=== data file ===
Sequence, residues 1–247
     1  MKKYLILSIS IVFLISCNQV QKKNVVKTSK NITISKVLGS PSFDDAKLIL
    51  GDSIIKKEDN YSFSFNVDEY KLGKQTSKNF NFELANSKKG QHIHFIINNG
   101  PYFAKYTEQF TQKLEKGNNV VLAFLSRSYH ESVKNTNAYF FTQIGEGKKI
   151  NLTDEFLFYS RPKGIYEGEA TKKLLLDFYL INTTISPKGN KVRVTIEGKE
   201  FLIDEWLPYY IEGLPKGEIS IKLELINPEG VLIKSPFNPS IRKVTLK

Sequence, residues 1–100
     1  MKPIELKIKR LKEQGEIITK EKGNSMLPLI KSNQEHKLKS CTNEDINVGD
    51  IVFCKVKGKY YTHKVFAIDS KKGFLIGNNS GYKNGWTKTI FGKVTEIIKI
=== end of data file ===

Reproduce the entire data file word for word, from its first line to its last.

Sequence, residues 1–247
     1  MKKYLILSIS IVFLISCNQV QKKNVVKTSK NITISKVLGS PSFDDAKLIL
    51  GDSIIKKEDN YSFSFNVDEY KLGKQTSKNF NFELANSKKG QHIHFIINNG
   101  PYFAKYTEQF TQKLEKGNNV VLAFLSRSYH ESVKNTNAYF FTQIGEGKKI
   151  NLTDEFLFYS RPKGIYEGEA TKKLLLDFYL INTTISPKGN KVRVTIEGKE
   201  FLIDEWLPYY IEGLPKGEIS IKLELINPEG VLIKSPFNPS IRKVTLK

Sequence, residues 1–100
     1  MKPIELKIKR LKEQGEIITK EKGNSMLPLI KSNQEHKLKS CTNEDINVGD
    51  IVFCKVKGKY YTHKVFAIDS KKGFLIGNNS GYKNGWTKTI FGKVTEIIKI